Increase in consumer batteries

 

 

28 

Increase in electric personal care products

 

 

10 

Increase in electric shaving and grooming products

 

 

Decrease in small appliances

 

 

(4)

Decrease in pet supplies

 

 

(23)

Foreign currency impact, net

 

 

(8)

Fiscal 2014 Net Sales

 

$

4,429 

 

Consolidated product line net sales by segment for Fiscal 2014 and Fiscal 2013 were as follows (in millions):

 

 

 

 

 

 

 

 

 

 

 

 

 

 

 

 

 

 

Fiscal Year

 

 

 

 

 

 

 

 

 

2014

 

2013

Product line net sales by segment

 

 

 

 

 

 

Global batteries and appliances

 

 

 

 

 

 

Consumer batteries

 

$

958 

 

$

932 

Small appliances

 

 

731 

 

 

740 

Electric shaving and grooming products

 

 

278 

 

 

277 

Electric personal care products

 

 

264 

 

 

255 

Total Global batteries and appliances

 

$

2,231 

 

$

2,204 

Hardware and home improvement

 

 

1,166 

 

 

870 

Global pet supplies

 

 

600 

 

 

622 

Home and garden

 

 

432 

 

 

390 

Total net sales to external customers

 

$

4,429 

 

$

4,086 

 

Global consumer battery sales increased $26 million, or 3%, during Fiscal 2014 compared to Fiscal 2013. Excluding the impact of negative foreign exchange of $2 million, global consumer battery sales increased $28 million. The constant currency increase in global consumer battery sales was attributable to increases in European and Latin American consumer battery sales of $24 million and $10 million, respectively, partially offset by a decrease in North American consumer battery sales of $6 million. The increase in European and Latin American sales were a result of retailer distribution gains, new customers and products, successful promotion activities and geographic expansion. The decrease in North America was primarily driven by the non-recurrence of approximately $10 million of flashlight sales in North America related to storm activity in the first quarter of Fiscal 2013.

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Small appliance sales decreased $9 million, or 1%, during Fiscal 2014 versus Fiscal 2013. Excluding the negative foreign exchange impact of $5 million, small appliances decreased $4 million. Excluding foreign exchange impacts, North American sales declined $20 million, which was tempered by gains in Europe and Latin America of $13 million and $2 million, respectively. The North American sales declines were due to our exit of low-margin promotions in Fiscal 2014. The European and Latin American sales gains were attributable to promotions with existing retailers during Fiscal 2014, coupled with innovative new product launches.

Electric shaving and grooming product sales increased $1 million, or 1%, during Fiscal 2014 compared to Fiscal 2013. Excluding the impact of negative foreign exchange of $1 million, electric shaving and grooming product sales increased $2 million. The constant currency increase was attributable to European and Latin American sales gains of $5 million and $1 million, respectively, offset by a $4 million decline in North American sales. The gains in Europe and Latin America were due to innovative new product launches, promotional activities and expansion into new channels. The decrease in North America was due to the non-recurrence of promotions during the first quarter of Fiscal 2013 and customer inventory management.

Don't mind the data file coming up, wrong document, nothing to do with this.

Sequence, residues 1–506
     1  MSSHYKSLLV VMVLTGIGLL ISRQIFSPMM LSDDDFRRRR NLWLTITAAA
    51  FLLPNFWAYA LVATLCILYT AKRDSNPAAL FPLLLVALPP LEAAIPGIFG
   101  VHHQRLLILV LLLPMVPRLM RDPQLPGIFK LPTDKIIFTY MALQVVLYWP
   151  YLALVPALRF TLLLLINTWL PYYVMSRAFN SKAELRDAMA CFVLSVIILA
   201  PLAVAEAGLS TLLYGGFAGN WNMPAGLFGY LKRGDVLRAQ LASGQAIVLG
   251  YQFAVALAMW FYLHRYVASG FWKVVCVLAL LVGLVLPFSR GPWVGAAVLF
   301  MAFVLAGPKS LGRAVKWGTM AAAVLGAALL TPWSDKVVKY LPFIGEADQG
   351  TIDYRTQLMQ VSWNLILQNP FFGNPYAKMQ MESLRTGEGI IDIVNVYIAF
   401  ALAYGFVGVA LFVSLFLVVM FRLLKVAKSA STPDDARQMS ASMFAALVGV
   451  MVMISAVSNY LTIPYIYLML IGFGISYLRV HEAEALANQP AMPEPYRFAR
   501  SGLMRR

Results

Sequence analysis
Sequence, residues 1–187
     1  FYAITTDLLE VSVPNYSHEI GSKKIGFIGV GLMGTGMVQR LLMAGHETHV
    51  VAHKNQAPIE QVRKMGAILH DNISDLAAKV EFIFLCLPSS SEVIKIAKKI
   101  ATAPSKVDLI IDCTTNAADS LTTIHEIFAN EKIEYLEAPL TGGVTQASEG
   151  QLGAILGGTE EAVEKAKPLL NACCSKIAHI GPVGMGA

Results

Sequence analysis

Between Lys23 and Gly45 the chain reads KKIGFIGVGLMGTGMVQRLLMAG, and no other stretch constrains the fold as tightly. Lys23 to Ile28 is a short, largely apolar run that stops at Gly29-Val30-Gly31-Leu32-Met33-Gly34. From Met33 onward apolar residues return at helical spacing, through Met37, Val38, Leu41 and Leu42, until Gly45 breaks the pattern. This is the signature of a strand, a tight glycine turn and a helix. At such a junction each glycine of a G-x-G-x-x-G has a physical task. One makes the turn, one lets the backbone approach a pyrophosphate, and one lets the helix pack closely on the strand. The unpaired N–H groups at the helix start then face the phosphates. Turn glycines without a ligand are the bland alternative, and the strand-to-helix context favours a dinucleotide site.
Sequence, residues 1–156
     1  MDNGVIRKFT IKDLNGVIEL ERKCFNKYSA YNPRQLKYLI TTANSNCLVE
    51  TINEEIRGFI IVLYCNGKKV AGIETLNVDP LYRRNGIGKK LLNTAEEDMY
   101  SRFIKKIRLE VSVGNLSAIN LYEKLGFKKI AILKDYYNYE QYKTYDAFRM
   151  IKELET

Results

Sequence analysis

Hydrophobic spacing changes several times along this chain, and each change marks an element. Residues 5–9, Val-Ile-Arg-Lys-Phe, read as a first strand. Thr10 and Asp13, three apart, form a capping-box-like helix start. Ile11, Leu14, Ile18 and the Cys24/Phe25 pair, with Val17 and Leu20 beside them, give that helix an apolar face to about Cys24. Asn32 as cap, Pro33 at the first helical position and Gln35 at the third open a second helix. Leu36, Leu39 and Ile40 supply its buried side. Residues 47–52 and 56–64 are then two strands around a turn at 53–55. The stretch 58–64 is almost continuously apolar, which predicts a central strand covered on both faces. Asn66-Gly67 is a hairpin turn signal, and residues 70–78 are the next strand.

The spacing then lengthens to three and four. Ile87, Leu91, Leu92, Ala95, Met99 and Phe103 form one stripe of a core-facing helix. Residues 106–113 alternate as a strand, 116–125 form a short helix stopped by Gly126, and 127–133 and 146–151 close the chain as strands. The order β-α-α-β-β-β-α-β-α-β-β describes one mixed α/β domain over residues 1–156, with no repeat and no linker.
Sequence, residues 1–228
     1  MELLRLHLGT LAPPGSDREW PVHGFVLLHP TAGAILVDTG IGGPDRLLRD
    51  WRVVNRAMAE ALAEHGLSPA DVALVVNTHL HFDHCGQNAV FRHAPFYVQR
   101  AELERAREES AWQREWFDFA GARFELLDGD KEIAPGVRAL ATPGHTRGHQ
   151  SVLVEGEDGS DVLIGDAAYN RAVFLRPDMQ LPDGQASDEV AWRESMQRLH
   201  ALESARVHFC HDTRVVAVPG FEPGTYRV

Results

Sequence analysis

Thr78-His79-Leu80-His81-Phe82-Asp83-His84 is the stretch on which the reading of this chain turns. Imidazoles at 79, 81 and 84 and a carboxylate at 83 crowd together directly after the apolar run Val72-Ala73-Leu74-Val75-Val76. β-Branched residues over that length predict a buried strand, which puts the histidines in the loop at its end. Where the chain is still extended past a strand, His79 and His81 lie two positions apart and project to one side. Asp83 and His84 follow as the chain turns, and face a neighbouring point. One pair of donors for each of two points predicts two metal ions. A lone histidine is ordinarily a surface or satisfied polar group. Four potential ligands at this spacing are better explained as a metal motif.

Electric personal care sales increased $9 million, or 4%, in Fiscal 2014 versus Fiscal 2013. Geographically, excluding the impact of negative foreign exchange of $1 million, sales increased $5 million in Latin America, $3 million in Europe and $2 million in North America. Latin American sales gains were attributable to volume expansion in Colombia, successful hair care accessories product launches throughout Central America, distribution gains in Brazil and increased promotional activities. The increase in both European and North American sales was driven by innovative new products and successful promotions.

Hardware and home improvement sales increased $296 million, or 34%, during Fiscal 2014 compared to Fiscal 2013. On a proforma basis, as if the acquisition of the HHI Business had occurred at the beginning of the Fiscal 2013, hardware and home improvement sales increased $104 million, or 10%, to $1,166 million in Fiscal 2014 versus $1,062 million in Fiscal 2013. This increase was attributable to the residential security category which accounted for $91 million of the increase due to strong retail positioning in North America coupled with the continued recovery of the U.S. housing market. The plumbing category increased $17 million while the hardware product category decreased $2 million. The plumbing product category increased due to growth in the U.S. from both retail and non-retail channels. Also contributing to the Fiscal 2014 sales increase were sales related to the Tong Lung Metal Industry Co. Ltd., a Taiwan Corporation (the “TLM Business”), as prior year results did not include the TLM Business until April 8, 2013.